Not only did Katju decry the “trial by media” in the Nirav Modi scam, but went on to hold his own press briefings on the scam and on his testimony before the UK Court, even before testifying before the Court and while the matter was still sub judice—doing exactly what he accused others of doing! Goozee had such scathing words for him: “I attach little weight to Justice Katju’s expert opinion. Despite having been a former SC judge in India until his retirement in 2011, his evidence was, in my assessment, less than objective and reliable. His evidence in court appeared tinged with resentment towards former senior judicial colleagues. It had hallmarks of an outspoken critic with his own personal agenda.”
Likewise, on Thipsay, the UK judge was even more strident and said: “Having checked his report dated 20th December 2019 and 29th June 2020, I note he has never disclosed his party-political affiliation either in the report’s biography or in relation to his declaration as an expert and disclosure of any potential conflict of interests. Justice Thipsay did not initially refuse to give evidence again in these proceedings, but he requested the court sit in private as he says, “it is likely to reduce the India media’s interest and the risk that the GOI will again use my evidence as a political vehicle and to malign me”.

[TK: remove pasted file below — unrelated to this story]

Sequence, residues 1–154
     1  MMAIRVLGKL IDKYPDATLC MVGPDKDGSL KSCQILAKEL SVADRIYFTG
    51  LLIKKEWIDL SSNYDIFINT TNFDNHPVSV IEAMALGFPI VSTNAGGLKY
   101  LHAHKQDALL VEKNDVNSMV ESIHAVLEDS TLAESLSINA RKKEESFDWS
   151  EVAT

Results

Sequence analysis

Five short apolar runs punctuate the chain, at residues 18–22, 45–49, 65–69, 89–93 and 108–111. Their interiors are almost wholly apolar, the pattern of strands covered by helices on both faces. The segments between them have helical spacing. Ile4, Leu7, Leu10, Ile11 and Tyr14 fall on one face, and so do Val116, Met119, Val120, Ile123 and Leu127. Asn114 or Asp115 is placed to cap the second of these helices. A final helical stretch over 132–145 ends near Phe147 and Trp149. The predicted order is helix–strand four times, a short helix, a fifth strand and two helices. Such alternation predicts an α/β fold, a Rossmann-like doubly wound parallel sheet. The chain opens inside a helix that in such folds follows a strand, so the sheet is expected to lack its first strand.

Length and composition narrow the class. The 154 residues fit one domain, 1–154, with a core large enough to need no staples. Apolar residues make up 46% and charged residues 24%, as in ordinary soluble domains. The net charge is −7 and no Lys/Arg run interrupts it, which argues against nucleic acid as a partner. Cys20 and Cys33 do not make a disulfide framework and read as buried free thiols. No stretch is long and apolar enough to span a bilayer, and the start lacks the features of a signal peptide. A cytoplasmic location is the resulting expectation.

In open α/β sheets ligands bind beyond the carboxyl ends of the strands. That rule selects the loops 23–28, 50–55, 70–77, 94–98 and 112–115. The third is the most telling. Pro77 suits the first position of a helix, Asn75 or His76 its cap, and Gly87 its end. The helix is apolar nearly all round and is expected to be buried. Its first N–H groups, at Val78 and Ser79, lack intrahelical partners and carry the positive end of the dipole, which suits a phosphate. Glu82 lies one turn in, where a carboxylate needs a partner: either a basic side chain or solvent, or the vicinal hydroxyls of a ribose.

Justice Thipsay explained in his evidence, “If the victim is not deceived then there is no cheating—there must have been a victim who has been deceived. If we see the case of the GOI in the extradition request, it is that all the accused who were in the conspiracy, those accused were not deceived. And therefore, the GOI has come up with an answer that it was PNB that was deceived. But I cannot find anybody deceived by issuing LOU”. Even my andolanjeevi child who is in the second grade will clearly say that the above is completely illogical! Judge Goozee concluded, “In relation to Justice Thipsay, I attach no weight to his opinions set out in his reports and in oral testimony”.
Given that the UK Court has reposed faith in the Indian system with this highly visible order, I request the SC to reflect on two broad themes. First, why not accept a more neutral mechanism such as the National Judicial Appointments Commission or any variant thereof, for streamlining the process of appointment of judges, instead of the opaque collegium method? One where not just the elected executive but a broader cross section of society has some say—not necessarily the final say? Second, a walk down select parking lots of some courts in the country would reveal entrepreneurship at its best, that of “pen-drive judiciary” (judgments supplied in pen-drives by some lawyers to select bad apples). There are allegations of how bench-shopping happens (people say, it is just surprising that it is not on Amazon yet!), how dubious methods are used to secure some key judgments. Why don’t the highly respected, venerable judges of the SC give us a judicial system befitting the rising economic and political stature of India? Your Lordships, this is my earnest personal plea as a concerned citizen and, hopefully, the plea of every right-thinking Indian. Along the way, please start off by sentencing judges Katju and Thipsay for contempt for lowering the reputation of the Indian judiciary in a foreign land for the world to see.
The author is an IAS officer Views are personal Twitter: @srivatsakrishna